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Nature volume 71, page 267 (19 January 1905) | Download Citation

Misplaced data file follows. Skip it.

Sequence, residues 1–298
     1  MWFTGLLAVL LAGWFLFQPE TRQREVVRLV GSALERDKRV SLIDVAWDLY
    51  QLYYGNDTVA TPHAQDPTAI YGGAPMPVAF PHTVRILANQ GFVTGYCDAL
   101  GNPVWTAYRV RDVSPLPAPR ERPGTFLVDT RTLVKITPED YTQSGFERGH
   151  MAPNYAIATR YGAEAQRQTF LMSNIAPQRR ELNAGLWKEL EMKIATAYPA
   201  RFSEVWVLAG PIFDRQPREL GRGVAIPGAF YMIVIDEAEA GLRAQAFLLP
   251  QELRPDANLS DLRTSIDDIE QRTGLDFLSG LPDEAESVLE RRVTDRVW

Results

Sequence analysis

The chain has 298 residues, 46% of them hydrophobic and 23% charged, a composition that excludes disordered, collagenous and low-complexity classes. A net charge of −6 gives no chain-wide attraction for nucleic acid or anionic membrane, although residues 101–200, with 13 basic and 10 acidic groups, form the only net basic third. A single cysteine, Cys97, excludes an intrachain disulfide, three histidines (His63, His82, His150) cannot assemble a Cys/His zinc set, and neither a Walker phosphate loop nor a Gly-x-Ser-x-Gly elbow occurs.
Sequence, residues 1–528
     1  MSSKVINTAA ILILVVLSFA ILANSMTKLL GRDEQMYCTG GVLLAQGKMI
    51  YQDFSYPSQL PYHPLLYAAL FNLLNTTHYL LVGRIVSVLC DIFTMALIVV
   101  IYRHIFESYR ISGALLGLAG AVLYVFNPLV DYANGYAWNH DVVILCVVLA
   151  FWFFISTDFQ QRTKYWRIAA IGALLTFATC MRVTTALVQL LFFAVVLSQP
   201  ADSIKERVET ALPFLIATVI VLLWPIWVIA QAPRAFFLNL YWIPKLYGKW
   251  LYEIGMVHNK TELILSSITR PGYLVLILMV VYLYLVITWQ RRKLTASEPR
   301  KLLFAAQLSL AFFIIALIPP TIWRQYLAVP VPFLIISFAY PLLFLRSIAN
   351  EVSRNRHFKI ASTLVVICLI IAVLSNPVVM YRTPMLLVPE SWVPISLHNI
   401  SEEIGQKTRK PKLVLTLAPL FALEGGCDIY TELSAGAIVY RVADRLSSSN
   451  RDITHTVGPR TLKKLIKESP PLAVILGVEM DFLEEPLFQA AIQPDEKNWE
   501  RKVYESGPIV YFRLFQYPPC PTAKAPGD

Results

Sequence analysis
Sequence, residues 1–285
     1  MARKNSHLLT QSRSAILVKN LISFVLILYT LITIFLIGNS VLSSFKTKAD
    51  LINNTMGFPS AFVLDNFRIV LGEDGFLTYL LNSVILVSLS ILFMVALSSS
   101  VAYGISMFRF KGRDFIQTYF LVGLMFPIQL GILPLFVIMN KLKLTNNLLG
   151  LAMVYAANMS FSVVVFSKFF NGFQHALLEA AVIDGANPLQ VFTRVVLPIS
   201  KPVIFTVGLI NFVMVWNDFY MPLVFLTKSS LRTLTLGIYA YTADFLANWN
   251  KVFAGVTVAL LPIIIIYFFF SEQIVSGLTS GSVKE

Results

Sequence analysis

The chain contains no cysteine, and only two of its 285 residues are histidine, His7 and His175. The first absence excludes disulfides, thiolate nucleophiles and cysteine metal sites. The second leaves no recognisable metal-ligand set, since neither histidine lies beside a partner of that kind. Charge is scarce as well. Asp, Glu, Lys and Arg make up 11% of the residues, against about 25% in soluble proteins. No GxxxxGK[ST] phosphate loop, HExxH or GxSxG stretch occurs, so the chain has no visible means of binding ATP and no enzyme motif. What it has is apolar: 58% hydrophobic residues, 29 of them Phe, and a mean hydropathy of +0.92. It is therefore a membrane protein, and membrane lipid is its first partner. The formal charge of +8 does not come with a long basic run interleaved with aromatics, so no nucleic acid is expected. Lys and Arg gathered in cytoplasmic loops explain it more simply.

THE work of which this is the first volume, bearing the names of two well known professors in the University of Chicago, is addressed to the mature student, and is designed “to present an outline of the salient features of geology, as now developed.” The present instalment, dealing with the nature and results of the processes now in operation upon the globe, will naturally prepare the way for the second volume, to be devoted to tracing the history of past ages. Agreeing with other writers in approaching the science from this side, the authors have been led by their own experience as teachers to depart somewhat from the beaten track in their general plan of treatment, as well as in the relative importance assigned to certain specific subjects. They tell us in their preface that they have laid little stress on the generally recognised divisions of geology, “dynamical,”“structural,”“stratigraphical,” &c., but have tried rather to emphasise the historical element even in the discussion of special themes, thus bringing out the essential unity of the science. Again, some subjects, such as the development of drainage-systems, the ultimate cause of crust-movements, and others, receive here fuller treatment than has been customary in works of this scope.

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